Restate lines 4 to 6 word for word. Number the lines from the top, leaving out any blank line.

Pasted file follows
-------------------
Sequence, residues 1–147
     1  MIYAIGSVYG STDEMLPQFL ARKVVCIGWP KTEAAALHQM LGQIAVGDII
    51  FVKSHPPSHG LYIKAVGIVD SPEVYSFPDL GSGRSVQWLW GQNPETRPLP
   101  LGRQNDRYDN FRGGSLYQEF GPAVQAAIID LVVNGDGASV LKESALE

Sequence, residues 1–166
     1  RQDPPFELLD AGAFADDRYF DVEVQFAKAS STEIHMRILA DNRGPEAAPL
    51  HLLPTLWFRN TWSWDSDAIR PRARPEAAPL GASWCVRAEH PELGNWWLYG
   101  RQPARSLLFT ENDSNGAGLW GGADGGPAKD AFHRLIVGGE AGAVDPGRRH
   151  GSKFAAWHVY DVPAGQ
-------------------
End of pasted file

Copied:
   101  LGRQNDRYDN FRGGSLYQEF GPAVQAAIID LVVNGDGASV LKESALE

Sequence, residues 1–166
     1  RQDPPFELLD AGAFADDRYF DVEVQFAKAS STEIHMRILA DNRGPEAAPL